artist : Chris Foss
Foss’s evocative science fiction book covers pioneered a much-imitated style featuring vast, colourful spaceships, machines and cities, often marked with mysterious symbols. Human figures are usually absent. These images are suggestive of science fiction in general rather than depictions of specific scenes from books, and therefore can be—and have been—used interchangeably on book covers. During the 1970s, Foss’s images of future technology had the same iconic “defining” quality that H. R. Giger’s would have in terms of depictions of alien or future life forms.
Books featuring Foss illustrations include the 1970s British paperback covers for Isaac Asimov’s Foundation Trilogy, the Terran Trade Authority, several Edmund Cooper novels, and E. E. “Doc” Smith’s Lensman series. Some of the art he did produce was specific to the stories and some examples of this are the covers he did for the Grafton publications of the Demon Princes novels by Jack Vance in the late 1980s, Star King, The Killing Machine, The Palace of Love, The Face and The Book of Dreams.
In 1975, Foss was hired by director Alejandro Jodorowsky for an intended film version of the science-fiction novel Dune by author Frank Herbert. He delivered several conceptual studies published in the book 21st Century Foss, ISBN 90-6332-571-1, containing a foreword by Jodorowsky. The project failed. In 1977 Foss worked for several month on studies for the movie Alien (not being used in the movie) and also did some designs of the planet Krypton for the movie Superman. Some of his crystal structures for the planet were realised in the movie, although they were used as ice-structures.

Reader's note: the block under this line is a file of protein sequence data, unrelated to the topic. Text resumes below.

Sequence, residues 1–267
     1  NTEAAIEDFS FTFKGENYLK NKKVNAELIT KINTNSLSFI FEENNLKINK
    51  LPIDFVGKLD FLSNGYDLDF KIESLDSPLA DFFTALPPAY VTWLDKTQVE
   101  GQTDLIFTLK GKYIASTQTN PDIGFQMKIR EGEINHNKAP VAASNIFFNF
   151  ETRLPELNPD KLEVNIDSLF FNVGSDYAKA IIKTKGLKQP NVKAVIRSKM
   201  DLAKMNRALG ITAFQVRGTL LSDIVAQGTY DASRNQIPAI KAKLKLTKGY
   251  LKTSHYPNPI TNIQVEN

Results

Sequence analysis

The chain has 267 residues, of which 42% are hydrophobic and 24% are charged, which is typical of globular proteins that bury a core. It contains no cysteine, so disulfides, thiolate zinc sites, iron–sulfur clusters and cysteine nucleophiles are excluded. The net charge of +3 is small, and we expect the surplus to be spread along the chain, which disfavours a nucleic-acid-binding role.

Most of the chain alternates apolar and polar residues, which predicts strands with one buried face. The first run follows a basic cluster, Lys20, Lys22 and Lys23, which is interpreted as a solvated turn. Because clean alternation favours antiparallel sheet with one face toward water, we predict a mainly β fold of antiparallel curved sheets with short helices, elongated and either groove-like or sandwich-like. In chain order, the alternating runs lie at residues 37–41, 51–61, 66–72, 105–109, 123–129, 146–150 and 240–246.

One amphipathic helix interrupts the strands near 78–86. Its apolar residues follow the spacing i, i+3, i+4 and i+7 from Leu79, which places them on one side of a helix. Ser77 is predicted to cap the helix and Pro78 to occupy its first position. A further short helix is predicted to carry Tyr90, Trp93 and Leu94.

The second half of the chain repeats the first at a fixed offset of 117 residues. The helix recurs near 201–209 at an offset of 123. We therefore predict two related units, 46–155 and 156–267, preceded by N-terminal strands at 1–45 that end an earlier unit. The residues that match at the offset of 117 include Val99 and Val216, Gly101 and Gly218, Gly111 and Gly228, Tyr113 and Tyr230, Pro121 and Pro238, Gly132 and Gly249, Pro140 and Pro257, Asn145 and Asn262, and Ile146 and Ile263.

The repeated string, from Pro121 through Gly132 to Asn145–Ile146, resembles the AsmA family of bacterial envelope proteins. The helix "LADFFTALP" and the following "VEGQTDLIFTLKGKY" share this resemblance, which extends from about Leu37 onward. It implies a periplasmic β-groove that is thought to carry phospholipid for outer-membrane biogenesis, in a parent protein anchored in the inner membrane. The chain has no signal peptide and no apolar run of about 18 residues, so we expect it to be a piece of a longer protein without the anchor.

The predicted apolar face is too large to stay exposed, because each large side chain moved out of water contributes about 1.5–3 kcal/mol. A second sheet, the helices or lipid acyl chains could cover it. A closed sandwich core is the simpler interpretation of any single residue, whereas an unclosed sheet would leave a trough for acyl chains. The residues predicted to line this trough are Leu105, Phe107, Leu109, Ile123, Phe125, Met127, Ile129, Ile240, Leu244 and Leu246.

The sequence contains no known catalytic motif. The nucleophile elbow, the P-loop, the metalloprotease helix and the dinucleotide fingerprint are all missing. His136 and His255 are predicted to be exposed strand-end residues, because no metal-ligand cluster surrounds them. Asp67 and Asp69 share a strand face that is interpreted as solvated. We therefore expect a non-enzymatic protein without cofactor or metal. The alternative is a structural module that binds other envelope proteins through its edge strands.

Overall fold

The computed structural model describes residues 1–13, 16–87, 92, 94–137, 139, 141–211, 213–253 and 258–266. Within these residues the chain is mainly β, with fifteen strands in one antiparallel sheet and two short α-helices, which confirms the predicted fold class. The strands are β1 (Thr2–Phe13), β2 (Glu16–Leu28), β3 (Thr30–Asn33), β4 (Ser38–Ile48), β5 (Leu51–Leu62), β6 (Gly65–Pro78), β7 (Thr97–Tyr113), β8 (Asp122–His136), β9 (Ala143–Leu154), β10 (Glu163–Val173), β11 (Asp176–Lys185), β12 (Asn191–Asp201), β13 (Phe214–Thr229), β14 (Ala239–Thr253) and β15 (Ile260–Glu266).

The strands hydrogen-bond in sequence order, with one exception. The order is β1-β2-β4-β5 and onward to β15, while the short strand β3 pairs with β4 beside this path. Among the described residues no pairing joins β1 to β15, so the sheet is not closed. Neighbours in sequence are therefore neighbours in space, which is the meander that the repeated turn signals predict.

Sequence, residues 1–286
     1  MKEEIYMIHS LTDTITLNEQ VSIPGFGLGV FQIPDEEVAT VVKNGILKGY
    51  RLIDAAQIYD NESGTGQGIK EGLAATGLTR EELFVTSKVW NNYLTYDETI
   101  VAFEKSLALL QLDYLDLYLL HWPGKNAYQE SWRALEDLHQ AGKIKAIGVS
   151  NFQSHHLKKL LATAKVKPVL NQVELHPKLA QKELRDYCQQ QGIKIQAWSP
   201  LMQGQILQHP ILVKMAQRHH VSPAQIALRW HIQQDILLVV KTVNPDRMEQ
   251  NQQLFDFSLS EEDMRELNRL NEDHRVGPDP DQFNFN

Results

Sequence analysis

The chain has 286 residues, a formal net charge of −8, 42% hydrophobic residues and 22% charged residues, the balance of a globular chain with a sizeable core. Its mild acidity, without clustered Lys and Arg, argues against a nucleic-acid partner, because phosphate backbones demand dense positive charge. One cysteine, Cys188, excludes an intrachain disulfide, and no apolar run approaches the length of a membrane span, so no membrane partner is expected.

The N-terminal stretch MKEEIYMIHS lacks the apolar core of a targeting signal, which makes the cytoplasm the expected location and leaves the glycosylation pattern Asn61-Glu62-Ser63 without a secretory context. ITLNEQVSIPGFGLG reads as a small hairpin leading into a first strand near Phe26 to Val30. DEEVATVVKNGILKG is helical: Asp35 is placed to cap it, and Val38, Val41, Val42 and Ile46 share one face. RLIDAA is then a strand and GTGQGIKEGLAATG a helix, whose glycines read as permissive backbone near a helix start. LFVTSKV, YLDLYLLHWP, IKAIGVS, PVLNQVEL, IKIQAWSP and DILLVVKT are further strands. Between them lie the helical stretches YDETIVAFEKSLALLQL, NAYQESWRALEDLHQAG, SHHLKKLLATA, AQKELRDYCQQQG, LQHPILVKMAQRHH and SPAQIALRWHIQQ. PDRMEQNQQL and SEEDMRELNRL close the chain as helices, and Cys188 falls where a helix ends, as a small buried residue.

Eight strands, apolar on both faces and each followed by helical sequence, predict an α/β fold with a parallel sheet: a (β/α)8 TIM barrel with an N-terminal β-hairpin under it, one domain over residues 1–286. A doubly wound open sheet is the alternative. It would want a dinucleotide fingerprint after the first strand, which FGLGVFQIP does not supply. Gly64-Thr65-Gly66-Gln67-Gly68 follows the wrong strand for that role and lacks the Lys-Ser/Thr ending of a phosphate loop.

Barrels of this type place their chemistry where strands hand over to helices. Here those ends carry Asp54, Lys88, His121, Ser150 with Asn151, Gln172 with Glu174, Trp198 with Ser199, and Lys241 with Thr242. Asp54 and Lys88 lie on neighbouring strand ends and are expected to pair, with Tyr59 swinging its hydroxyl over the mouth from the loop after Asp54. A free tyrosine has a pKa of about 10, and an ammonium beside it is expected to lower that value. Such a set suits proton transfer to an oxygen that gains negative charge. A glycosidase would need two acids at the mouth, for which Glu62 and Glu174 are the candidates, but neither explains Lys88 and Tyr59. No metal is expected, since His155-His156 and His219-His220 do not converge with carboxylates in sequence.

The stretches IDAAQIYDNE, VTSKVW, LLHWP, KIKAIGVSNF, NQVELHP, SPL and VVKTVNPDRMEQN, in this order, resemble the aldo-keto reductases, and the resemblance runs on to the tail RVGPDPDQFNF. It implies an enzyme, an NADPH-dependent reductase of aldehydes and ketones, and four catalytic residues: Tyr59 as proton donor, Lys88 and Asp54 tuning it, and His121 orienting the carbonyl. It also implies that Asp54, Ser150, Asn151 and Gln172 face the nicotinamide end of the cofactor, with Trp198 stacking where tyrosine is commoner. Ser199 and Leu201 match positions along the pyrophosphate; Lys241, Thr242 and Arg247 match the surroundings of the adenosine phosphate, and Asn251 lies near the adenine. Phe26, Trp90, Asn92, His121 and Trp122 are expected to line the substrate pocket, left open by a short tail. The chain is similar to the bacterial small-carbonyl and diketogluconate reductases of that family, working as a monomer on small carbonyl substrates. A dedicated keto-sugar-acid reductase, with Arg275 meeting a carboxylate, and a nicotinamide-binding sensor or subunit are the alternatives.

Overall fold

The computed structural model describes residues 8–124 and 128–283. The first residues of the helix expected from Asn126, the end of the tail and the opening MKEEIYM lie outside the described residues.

In 1977 Foss worked for several months on studies for the movie Alien (not being used in the movie).
During this period Chris Foss illustrated the sleeve of the album Clear Air Turbulence for the Ian Gillan Band.
Painter Glenn Brown appropriated individual space scene paintings by Foss and in the one case copying and altering it (Exercise One (for Ian Curtis), 1995) and in the other, leaving it entirely unchanged (Dark Angel (for Ian Curtis), 2002). The titles of these works reference the vocalist of the band Joy Division, who died by his own hand.